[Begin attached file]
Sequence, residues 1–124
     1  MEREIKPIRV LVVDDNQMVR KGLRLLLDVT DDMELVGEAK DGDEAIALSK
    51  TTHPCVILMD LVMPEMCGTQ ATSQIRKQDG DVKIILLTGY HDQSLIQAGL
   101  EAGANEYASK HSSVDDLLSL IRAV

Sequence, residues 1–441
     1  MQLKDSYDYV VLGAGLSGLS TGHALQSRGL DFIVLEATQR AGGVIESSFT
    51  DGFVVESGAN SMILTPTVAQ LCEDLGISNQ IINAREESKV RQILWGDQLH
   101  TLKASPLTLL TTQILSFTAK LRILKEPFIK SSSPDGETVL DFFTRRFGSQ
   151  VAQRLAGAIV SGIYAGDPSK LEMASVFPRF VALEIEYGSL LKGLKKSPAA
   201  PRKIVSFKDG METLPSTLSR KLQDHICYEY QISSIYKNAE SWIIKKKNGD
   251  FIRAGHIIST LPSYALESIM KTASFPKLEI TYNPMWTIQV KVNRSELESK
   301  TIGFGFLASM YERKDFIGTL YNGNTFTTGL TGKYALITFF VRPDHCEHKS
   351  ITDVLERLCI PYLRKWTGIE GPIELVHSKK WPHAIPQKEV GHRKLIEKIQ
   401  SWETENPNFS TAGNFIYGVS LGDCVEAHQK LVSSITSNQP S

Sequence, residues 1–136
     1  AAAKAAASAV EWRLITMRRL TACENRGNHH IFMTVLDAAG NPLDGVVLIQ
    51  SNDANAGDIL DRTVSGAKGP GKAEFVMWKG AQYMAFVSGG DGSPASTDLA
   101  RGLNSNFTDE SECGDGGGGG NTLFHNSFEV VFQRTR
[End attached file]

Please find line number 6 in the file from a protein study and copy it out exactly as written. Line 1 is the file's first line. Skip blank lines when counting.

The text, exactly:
     1  MQLKDSYDYV VLGAGLSGLS TGHALQSRGL DFIVLEATQR AGGVIESSFT